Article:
As I am using a scroll wheel mouse, I find it rather easy to switch between the applications (Task manager), the desktop (Pager) just by scrolling above it.
For now, I am also using just
- The first is for the working and it contains the editor, a browser with the preview of what I am working on etc;
- The second is for entertainment.
Important note: if you have multiple displays, the default behavior is to switch to the next virtual desktop on all of them. I think this is different from other operating systems and it is worth a try, as part of the whole experience.
Another note is that I am not quite comfortable or even familiar with what this distribution has to offer (e.g. Activities), so this workflows might suffer important changes in time.
Option 2 – The Latte dock
In the setup above, there is no need for a dock, as the main panel itself is a kind of a dock. However, should you need something in that direction,
latte is the most famous dock out there and it does a pretty nice job. To install it, run:
sudo apt install latte-dock
I find it useful pinned to the side of the display, with transparency and containing just a task manager widget. This widget would discretely show only the apps started on that screen, in the current desktop.
Option 3 – The winner combination
This is a later edit of the article, after using the above variations more. Below I am only describing the most important parts of the customization, out of which the workflow can be recreated.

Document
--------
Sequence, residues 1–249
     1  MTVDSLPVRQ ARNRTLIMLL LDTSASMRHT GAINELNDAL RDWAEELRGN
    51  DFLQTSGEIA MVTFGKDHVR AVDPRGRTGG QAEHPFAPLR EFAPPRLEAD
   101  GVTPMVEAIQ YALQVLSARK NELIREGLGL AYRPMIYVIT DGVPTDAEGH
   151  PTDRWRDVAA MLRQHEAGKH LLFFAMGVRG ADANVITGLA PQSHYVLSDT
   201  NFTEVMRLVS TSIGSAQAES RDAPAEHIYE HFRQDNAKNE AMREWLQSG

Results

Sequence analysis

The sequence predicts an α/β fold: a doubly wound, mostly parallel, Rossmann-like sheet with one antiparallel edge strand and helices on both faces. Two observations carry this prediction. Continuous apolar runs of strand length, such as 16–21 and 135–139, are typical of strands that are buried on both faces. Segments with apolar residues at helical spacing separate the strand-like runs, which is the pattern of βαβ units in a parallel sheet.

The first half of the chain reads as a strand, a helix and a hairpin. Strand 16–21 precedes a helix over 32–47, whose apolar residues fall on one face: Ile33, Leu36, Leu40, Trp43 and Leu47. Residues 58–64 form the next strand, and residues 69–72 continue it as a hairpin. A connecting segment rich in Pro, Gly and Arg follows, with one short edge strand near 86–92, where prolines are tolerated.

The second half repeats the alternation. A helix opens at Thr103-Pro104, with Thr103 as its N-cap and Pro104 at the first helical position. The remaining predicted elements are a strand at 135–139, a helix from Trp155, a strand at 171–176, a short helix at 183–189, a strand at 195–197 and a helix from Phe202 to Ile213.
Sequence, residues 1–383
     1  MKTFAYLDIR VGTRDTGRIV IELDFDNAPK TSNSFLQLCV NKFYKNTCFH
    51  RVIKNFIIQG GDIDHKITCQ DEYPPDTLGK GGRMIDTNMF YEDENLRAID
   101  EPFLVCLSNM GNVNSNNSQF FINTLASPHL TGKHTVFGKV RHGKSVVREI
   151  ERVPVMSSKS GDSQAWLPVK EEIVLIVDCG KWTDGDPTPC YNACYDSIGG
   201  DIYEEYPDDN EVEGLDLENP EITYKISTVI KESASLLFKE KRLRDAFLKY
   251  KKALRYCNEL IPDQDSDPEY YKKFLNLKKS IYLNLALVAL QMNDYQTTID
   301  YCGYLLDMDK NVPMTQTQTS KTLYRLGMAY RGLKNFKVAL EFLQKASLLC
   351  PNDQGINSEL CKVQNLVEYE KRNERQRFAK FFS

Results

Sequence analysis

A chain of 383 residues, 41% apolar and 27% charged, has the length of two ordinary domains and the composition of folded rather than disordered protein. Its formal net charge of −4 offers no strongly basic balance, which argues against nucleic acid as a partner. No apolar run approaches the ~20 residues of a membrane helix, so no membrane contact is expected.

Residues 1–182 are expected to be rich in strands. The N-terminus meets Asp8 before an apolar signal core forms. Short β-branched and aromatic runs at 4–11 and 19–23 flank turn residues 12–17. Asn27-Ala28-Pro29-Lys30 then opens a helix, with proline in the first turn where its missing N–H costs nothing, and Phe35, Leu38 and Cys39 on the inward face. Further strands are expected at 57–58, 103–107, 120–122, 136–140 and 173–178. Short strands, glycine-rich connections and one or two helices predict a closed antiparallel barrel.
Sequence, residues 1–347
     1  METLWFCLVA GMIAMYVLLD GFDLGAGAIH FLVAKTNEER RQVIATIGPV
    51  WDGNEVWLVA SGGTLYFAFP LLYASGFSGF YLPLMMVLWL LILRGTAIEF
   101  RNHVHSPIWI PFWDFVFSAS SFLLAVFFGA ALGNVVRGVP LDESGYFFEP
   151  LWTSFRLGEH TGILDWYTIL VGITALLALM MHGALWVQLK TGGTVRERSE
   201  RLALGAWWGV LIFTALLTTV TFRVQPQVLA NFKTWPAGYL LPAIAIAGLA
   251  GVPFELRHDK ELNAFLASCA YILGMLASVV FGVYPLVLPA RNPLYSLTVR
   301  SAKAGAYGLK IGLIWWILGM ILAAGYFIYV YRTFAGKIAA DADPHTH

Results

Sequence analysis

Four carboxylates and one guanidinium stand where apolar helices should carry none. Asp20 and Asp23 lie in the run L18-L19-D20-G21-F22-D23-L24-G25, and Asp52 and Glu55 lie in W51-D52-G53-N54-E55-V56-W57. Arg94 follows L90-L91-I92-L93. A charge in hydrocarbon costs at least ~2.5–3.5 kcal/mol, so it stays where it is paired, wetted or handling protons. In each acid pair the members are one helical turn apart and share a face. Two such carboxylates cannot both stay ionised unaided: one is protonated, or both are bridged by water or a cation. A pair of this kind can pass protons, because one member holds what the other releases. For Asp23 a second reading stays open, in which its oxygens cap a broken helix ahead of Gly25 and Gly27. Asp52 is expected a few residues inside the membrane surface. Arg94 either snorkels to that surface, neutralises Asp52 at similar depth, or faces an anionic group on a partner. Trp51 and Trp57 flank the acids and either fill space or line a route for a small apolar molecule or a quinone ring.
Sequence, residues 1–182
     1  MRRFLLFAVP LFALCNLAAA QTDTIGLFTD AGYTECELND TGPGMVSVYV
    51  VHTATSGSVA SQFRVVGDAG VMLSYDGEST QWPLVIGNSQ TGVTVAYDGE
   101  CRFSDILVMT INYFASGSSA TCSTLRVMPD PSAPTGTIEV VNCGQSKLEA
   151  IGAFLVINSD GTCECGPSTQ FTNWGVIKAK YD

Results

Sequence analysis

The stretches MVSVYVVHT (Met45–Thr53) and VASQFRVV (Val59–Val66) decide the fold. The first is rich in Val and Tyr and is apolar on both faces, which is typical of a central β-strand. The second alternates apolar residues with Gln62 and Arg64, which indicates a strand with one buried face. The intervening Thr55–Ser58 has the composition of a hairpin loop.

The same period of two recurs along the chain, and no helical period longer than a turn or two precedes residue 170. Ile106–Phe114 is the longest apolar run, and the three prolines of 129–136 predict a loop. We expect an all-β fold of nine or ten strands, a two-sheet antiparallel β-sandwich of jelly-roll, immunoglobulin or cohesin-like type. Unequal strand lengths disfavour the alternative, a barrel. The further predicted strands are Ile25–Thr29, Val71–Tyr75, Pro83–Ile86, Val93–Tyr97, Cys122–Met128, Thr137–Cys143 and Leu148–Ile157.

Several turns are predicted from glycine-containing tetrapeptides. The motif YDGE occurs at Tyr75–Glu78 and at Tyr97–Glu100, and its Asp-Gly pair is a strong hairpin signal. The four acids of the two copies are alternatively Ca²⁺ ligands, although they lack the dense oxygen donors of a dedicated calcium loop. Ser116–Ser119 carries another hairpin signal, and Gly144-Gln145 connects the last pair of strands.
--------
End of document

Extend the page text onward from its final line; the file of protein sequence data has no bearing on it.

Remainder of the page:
So I ended up using a bar on the bottom, with no other panel. It is stretched on the whole width of the desktop. The widgets are the following:
- The default application launcher
- UMenu – a clean way to see all the apps. I have it there because I am used to seeing the applications in this manner, but I actually use the KDE launcher a lot (
Alt + Space);
- Pager – to easily switch between the configured virtual desktops. I have two desktops, one where I do all the work and another which is supposed to help whenever I have extra stuff to check or do. I use the latter lightly, so I might remove it in the future;
- The task manager – set to show all the tasks from the current desktop and the current activity. It has manual sorting and a 1 row maximum;
- The system tray – as an important extra to mention, it always shows the Display configuration and Flameshot, the program I use for creating screenshots;
- System load viewer – it has CPU, Memory and Swap monitor visible. This is quite useful, as it shows me when to slow down in the actions I do, so that I will be in sync with the capabilities of my system;
- The clock;
- Lock/Logout widget – with Leave, Lock and Hibernate activated;
The task switcher
I ended up using the task switcher quite a lot, so it was important to have it customized in a way I found comfortable. The solution was a a custom visualization (
Thumbnail grid) with two variants of usage:
Meta+Tabto switch forward between windows – this is the combination I use the most and it is for switching between tasks in the current Activity, the current Virtual desktop and the Current screen;
Alt+Tab– same as the above, but without the
The following keyboard shortcuts are the most important:
Alt+Tabwhich do the switching between tasks as described above;
Alt+Space– KDE default for the application launcher;